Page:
But now I have turned on Chris, turned on him with a vengeance. Why? At this point I’m probably too enraged by the Trump election to really explain why, but we can start with Chris’s fawning treatment of a mean-spirited, lying, bile-infested hater named Rudy Giuliani, an opportunist and braggart to whose image Matthews repeatedly contributed as a sort of self-proclaimed savior of New York City after 9/ll, a bilious chest-beater he allowed to treat Hillary Clinton as a common criminal, a wind-bag so supercilious, high-minded and loathsome he wouldn’t last five minutes in a common man’s tavern without being beaten senseless.

Chris also began to draw my wrath by telling us all that former GOP pundit and final Donald Trump head campaign manager and current confidante Kellyanne Conway is a  close friend of his, and allowed her to precede or follow one Trump rally after another with nauseating spins and lies which he seemed to find amusing, so enamored was he of this cutesy-cutesy perpetually grinning Christ-crazed poisonous blonde asp.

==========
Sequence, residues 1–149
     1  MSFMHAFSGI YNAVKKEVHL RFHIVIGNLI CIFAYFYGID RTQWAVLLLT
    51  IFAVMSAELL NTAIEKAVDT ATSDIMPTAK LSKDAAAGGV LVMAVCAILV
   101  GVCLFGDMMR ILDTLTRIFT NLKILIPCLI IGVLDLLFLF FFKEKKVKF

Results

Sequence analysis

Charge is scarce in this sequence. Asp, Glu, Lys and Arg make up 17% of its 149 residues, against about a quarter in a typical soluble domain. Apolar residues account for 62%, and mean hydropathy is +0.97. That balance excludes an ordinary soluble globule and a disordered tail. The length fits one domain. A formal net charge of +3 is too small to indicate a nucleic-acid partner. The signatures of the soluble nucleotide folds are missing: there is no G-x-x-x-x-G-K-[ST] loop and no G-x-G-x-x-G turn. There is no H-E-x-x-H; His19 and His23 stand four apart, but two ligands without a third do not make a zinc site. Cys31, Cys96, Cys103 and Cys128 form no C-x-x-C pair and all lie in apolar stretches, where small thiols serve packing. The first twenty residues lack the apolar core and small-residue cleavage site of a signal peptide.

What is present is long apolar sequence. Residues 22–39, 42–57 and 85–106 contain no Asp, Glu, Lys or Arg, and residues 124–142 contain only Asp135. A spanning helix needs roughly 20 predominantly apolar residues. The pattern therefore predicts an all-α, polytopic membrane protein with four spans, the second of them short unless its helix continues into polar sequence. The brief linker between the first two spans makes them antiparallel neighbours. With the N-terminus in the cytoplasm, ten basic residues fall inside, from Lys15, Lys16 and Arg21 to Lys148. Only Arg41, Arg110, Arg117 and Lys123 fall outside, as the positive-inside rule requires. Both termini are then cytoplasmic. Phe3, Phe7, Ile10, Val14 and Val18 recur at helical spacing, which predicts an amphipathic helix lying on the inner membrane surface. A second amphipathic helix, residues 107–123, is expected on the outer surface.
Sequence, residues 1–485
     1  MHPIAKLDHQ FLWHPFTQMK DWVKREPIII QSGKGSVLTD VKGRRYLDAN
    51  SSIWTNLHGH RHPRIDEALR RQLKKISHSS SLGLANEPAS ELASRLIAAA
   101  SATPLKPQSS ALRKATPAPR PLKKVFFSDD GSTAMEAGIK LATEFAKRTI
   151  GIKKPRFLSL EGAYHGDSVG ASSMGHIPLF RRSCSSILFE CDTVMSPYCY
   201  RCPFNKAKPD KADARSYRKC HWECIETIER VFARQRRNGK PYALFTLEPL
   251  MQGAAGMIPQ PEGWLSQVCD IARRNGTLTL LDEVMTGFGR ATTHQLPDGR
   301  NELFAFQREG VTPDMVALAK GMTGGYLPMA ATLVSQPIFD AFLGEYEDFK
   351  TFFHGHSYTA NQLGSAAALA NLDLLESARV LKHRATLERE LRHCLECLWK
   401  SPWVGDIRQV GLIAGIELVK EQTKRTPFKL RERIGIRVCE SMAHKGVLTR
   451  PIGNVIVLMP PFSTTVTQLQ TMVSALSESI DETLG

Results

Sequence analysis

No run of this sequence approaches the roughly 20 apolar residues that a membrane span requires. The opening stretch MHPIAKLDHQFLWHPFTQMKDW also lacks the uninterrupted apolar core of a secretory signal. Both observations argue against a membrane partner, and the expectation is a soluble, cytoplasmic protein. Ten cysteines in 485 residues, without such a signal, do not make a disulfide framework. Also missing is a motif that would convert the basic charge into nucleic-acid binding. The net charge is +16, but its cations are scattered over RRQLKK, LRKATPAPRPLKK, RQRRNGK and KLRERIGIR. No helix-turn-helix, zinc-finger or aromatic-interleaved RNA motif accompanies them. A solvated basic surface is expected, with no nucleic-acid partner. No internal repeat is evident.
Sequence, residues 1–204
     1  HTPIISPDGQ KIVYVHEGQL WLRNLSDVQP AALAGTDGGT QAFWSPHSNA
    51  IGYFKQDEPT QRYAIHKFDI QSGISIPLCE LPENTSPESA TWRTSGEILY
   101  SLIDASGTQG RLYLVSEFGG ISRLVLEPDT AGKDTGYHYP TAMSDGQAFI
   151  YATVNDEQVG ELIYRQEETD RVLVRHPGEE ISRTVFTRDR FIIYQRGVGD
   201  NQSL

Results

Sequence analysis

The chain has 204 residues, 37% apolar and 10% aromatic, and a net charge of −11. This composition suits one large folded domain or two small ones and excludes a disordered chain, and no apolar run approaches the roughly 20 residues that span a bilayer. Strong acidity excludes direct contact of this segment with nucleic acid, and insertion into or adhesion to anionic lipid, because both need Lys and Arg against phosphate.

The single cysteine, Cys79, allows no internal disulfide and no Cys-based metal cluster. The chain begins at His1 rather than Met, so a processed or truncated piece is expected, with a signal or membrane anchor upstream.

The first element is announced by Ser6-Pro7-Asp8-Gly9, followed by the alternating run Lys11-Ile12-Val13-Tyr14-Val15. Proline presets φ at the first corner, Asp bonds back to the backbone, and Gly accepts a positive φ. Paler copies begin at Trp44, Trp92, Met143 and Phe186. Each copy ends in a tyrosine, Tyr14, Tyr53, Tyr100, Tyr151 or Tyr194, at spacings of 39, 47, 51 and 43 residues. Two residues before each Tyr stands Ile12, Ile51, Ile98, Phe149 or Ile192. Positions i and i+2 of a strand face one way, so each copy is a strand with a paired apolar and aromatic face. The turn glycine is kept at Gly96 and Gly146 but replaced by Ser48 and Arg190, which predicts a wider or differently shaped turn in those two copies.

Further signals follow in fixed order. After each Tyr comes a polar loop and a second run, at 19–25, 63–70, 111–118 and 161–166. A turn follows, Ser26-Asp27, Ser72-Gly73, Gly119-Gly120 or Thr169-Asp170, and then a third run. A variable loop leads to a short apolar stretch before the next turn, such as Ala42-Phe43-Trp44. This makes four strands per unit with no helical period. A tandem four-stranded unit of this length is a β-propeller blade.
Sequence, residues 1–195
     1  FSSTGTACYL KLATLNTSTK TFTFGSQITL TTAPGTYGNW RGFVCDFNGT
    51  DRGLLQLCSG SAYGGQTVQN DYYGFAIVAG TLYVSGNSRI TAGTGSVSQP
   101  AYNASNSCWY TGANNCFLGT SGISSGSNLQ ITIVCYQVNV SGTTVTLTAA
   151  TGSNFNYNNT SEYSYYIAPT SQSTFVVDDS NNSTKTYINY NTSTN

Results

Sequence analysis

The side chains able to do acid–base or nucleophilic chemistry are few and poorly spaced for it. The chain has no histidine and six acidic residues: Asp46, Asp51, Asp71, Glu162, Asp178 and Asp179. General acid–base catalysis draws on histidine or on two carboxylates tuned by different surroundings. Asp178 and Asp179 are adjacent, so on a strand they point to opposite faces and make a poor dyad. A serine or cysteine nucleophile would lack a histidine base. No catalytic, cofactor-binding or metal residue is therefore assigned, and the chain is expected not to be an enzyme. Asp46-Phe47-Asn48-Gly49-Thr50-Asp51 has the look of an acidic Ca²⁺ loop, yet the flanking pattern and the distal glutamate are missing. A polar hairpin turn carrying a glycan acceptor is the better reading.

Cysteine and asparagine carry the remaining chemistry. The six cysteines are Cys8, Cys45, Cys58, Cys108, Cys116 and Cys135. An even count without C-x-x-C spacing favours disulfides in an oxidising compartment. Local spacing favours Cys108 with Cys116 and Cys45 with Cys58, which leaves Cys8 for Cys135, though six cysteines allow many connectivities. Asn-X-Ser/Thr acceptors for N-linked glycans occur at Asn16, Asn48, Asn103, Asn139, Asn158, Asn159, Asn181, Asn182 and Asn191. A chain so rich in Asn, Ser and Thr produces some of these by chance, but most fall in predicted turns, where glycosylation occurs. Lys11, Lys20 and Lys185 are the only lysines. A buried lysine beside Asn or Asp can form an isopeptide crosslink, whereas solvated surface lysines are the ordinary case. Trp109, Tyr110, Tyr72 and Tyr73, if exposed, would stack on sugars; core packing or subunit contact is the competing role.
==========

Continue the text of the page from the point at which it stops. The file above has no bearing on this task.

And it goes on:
Watching Chris led me to hanging with the rest of the geniuses on MSNBC, all partisans I agreed with, though after switching occasionally to CNN and Fox News and cackling at fascist punk Sean Hannity and bully/browbeater,blowhard Bill O’Reilly, I began to feel MSNBC was, at least 50 percent of the time, broken records blowing smoke and repeating the same old tired refrains and, finally, not worth listening to.

CNN is more of the same, though somewhat tempered, but still guilty of shilling for Trump rallies and allowing them to hog precious time because it was entertaining, brought in viewers, brought in sponsors, brought in millions in profits, and resulted in the election of a veritable monster and white collar criminal as president of the country.